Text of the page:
6 Essential Elements to Make an 80s Movie

Ian-Fortey by Ian-Fortey on Apr. 21, 2014

So, you want to make an 80’s movie.  Don’t feel bad that it’s 2014, you’re never too late to make an 80s film, as long as you follow a few simple rules.  To start with, you’re probably going to need some terrible haircuts and clothes, but those are more refined details.  To get to the heart and soul of an 80s film, this is what you need, based entirely on every 80s movie ever made.  For some reason.

Sax Solos

The saxophone was invented in 1846 but apparently no one gave a damn until 1980.  At that point, it became the standard instrument for any and all action films.  The Lethal Weapon series drives this home with a furious point as every action in the movie is accompanied by a man shrieking into a sax, but let us not forget the killer sax interlude in Lost Boys, the love theme from Blade Runner and, you know, hundreds of others.  Basically score your movie like a low grade porno and you’ve got the mood set for 1980s shenanigans.

Dance Numbers

Why did 80s movies so frequently feature dance routines when history tells us people were no more inclined to dance at the drop of a hat than at any other time?  No one knows.  Nonetheless, feel free to watch Footloose, Teen Wolf, The Breakfast Club and most films by John Hughes, The Blues Brothers and numerous others.  In the 80s, music made you free, but only free enough to do what everyone else was doing.

For an added bonus, see if you can get everyone to dance to sax music.  Wouldn’t that be something?

Pretty Ugly/ Ugly Pretty Girls

Our standards of beauty have not changed very much from the 1980s, so it’s hard to understand female casting from back then.  There’s a strange trend of ugly girls cast as pretty girls and pretty girls cast as ugly girls that we may never understand.  Look no further than, again, John Hughes to see this in action as Molly Ringwald was apparently the most beautiful girl in Shermer, Illinois for some reason, and 3 separate movies tried to make us believe this.

Outside of John Hughes, Dirty Dancing wants us to be infatuated with Jennifer Grey, An Officer and a Gentleman had Deborah Winger, Raiders of the Lost Ark shoved Karen Allen in our faces and any movies featuring Geena Davis.  Are these women attractive or unattractive?  There’s no good answer.  It often depends on lighting and drunkenness and it’s just weird.  So hire a girl who’s attractive sometimes to be in your film and you’ll be set.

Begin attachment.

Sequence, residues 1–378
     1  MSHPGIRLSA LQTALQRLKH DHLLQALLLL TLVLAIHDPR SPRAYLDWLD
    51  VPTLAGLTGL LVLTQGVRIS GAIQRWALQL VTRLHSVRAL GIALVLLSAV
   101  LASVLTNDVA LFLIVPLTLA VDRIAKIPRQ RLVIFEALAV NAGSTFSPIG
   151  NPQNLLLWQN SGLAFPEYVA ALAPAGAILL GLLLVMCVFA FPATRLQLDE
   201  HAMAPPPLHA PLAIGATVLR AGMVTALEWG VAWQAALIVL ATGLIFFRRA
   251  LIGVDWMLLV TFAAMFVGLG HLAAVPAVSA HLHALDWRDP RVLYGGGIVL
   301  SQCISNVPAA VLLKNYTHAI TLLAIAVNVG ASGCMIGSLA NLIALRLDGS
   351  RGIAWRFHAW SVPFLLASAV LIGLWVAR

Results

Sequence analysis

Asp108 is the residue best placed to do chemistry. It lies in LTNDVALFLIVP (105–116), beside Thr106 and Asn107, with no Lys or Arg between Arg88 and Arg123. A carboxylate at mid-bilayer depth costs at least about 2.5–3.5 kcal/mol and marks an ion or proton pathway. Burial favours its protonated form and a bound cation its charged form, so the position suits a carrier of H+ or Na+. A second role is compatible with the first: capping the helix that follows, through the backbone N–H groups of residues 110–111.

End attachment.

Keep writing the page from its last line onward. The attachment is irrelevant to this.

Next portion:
Montages

As Team America: World Police explained, you gotta have a montage. Only use proper spelling and grammar – you have to have a montage.  A montage is a great way to get from point A to Point B without actually boring us with reality.  All good 80s movies have montages, like awesome arm wrestling film Over the Top, Revenge of the Nerds, The Karate Kid and, of course, Rocky I and II.  Rocky couldn’t learn anything unless it was in montage form.

For extra effect, make sure that whatever your character accomplishes during the montage is something he has no business perfecting in such a short period of time.  Yes, the montage covers the passage of time, but it never comes close to covering enough.  Did Daniel really become a karate master in a few weeks?  Mr. Miyagi and that wax on bullshit must be amazing.

Pacing

The 80s was a simpler time.  No one had fancy cell phones or jet packs or Fleshlights like they do today.  All they had were fade haircuts and sports jackets and Day-Glo colors. How did they ever make do?

Pay attention to enough 80s films and you’ll start to notice bizarre issues with story pacing.  For instance, compare how many scenes occur in 80s films in which a character is scene parking a car, or even just driving from one location to another, to the same scenes in modern films.  Unless something important happens in the actual car, no one includes driving scenes now.  Back in the 80s, apparently driving was awesome because you got it all the time, complete with a full on parking job.  If you’re really lucky, you’d get “walking in the city” scenes, set to music.   These were interchangeable with beach scenes or mall scenes, none of which added anything to the film but did waste several minutes of screen time.

Anything Even Slightly Complex is Magical

Wax on.  Wax off.  That, somehow, is the key to karate.  That’s so much BS it should choke you out.  Want to create an entire woman from scratch? Use a Barbie and an 1980s computer program.  Skipping school for the day?  Why not become a national hero for the day, somehow. 

For reasons never touched on, the 80s presented a world in which there is a baseline of normality, and then anything outside of the normal is stunning and inexplicable.  How does Ferris Bueller manage to become the greatest boy in all of Chicago that one day?  Shouldn’t a kid with that kind of insane influence be a millionaire already?  And if Daniel can master karate after that kind of weak ass teaching, wouldn’t he be able to literally murder Jean Claude van Damme just by looking at him after a year of training?  And if those two nerds in Weird Science can make an actual, living woman, why are they ever doing anything else with their time?

Basically the 80s existed in a infomercial where no one could figure anything out, except for the main characters who were the guys who understood how to use a life’s rotisserie cooker or whatever and became amazing.  Put in an amazing character like that, who really isn’t amazing at all, just not as dumb as everyone else.